Overcoming Tricky Situations


Although situations have improved tremendously and organizations are now more intentional about addressing unconscious biases that occur in offices, there are still experiences of double standards when it comes to how women carry themselves. So when it came to negotiating a promotion, Afifah recalled a time when she requested for a promotion and it was highlighted to her that she came across impatient To overcome this, she spoke to her colleagues, other managers and even partners and humbly sought out feedback on her performance. From these conversations, she received validation that she is in fact competent and is deserving of a promotion, and brought the case before her manager once again – this time with sufficient data at hand – to discuss the prospects of an advancement. As such, when faced with tricky situations at work, be prepared with relevant information and data as it strengthens your credibility, have conversations and even build allies, and be courageous to ask and just do it.


When faced with constructive criticism that can come across as biased, it is important to address it. For example, some women often receive the feedback that their proactiveness comes across as ‘pushy’. In situations like these, remain calm and collected, but also ask for examples: “Can you give me an example of when I have displayed pushy behaviours?” – this sometimes helps your colleagues realize their unconscious biases and allows them the space to reflect on their actions or words; it also allows you to be more aware of your own tendencies. The key to eliminating biased feedback or behavior is to always address it and discuss the matter openly and transparently.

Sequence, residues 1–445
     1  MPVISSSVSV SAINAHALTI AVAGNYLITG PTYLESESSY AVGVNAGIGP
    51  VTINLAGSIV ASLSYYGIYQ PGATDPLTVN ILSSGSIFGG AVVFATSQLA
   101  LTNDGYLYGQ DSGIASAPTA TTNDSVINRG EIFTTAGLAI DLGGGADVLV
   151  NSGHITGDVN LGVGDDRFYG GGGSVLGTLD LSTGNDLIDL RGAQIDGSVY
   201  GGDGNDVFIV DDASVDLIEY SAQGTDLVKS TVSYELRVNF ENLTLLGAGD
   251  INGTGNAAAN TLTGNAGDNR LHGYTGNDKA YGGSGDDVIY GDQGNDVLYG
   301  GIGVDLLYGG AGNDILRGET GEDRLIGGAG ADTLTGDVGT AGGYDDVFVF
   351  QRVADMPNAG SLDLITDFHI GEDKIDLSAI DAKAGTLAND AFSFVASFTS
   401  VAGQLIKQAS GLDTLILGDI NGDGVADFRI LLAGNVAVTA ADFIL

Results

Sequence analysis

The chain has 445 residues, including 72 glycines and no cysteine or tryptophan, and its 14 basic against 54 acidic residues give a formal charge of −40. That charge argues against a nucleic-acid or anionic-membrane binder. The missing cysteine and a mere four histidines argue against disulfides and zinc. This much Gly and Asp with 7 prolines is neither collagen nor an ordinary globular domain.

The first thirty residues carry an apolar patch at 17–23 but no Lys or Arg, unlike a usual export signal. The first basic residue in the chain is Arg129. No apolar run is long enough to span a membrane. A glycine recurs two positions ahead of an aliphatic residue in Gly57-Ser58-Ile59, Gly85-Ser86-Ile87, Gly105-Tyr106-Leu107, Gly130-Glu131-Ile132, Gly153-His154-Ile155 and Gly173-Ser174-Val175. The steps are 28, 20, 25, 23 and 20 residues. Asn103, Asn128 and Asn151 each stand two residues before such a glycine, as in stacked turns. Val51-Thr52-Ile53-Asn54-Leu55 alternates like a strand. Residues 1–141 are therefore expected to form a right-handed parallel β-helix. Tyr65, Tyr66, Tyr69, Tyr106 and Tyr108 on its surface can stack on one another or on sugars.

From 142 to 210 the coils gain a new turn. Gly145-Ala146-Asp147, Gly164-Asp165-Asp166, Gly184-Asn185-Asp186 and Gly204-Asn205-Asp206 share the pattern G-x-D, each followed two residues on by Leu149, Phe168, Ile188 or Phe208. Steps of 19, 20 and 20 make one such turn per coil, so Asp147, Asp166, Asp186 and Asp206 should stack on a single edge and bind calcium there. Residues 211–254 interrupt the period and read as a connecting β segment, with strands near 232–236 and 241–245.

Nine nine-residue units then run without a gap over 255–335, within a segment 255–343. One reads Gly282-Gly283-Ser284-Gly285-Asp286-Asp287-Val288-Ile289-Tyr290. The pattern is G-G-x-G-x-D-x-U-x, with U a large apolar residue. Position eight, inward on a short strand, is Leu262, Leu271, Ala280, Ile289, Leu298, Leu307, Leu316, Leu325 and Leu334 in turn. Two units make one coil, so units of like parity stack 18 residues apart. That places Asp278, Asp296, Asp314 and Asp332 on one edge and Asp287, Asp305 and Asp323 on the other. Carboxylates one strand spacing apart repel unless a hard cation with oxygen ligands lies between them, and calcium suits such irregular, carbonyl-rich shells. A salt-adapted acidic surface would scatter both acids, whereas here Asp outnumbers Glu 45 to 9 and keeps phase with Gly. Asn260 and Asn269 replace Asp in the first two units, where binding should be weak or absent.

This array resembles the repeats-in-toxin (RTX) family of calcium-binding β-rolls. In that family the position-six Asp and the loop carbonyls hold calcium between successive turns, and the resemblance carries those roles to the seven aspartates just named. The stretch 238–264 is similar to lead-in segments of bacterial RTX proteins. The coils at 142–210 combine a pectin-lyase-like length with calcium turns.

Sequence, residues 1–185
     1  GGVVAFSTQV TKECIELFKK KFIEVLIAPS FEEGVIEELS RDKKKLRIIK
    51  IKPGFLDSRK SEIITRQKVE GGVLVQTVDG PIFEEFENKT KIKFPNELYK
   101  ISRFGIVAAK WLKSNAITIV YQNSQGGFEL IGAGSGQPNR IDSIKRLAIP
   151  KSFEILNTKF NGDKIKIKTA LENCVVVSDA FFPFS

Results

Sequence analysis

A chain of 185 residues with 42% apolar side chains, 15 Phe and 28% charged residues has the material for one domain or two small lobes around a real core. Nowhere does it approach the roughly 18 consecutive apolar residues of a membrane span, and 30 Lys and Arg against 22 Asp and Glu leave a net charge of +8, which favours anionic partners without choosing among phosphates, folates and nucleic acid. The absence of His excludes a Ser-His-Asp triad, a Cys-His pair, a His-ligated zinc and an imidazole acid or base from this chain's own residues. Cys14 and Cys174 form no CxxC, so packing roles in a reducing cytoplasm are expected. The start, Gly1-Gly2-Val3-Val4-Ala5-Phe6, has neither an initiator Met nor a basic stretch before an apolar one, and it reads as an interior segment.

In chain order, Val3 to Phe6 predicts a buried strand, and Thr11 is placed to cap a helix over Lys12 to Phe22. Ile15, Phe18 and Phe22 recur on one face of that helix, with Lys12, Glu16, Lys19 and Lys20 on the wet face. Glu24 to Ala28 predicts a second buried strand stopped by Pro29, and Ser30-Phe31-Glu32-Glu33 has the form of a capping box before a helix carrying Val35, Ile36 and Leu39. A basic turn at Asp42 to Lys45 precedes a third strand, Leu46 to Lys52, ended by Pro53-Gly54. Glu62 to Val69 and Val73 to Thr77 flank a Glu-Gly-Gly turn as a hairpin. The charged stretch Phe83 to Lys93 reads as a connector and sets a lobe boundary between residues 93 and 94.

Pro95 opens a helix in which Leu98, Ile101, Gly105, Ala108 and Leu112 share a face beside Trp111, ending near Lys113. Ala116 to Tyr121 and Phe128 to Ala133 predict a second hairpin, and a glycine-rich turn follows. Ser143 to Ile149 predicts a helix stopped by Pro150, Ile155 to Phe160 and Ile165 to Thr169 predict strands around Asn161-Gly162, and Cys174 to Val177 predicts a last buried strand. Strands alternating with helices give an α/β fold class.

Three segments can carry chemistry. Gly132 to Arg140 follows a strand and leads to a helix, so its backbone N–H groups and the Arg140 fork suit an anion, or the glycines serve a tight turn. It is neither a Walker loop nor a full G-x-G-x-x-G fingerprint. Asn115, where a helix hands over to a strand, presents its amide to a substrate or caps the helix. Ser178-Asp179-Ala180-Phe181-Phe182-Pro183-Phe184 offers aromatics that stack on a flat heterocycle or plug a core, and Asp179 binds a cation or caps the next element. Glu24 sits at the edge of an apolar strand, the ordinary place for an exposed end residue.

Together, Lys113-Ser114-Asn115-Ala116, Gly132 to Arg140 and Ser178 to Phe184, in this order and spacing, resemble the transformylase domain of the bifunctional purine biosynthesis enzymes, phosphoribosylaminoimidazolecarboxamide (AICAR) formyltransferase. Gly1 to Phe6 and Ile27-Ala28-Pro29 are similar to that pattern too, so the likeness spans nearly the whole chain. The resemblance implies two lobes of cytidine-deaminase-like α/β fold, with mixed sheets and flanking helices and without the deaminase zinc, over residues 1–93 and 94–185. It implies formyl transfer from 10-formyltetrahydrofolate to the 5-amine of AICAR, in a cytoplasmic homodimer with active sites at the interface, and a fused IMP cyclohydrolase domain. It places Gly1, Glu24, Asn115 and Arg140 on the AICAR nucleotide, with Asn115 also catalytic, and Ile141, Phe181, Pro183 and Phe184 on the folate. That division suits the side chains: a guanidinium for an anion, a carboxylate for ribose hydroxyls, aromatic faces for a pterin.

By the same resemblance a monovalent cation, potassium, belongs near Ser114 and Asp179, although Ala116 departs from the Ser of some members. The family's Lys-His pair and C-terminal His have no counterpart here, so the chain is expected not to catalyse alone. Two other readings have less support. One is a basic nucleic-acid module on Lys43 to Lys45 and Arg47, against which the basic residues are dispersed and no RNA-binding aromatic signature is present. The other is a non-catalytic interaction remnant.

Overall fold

As an Employer


The reality is that it can be hard for organizations to succeed without the diverse perspectives women have to offer. As an employer, it is then your responsibility to empower women and to create a platform for them to grow as much as you would with your male colleagues. 


In the front of supporting working mothers, the one thing organizations can do is to allow flexible schedules. As a mother of one, Malisse found that having the freedom to structure her own schedules has allowed her to balance the responsibilities of caring for her toddler and work – all while still delivering high quality work. More importantly, managers and employers should allow such agility without any forms of guilt-tripping or with strings attached, instead, such relationships should be built on mutual trust and empowerment.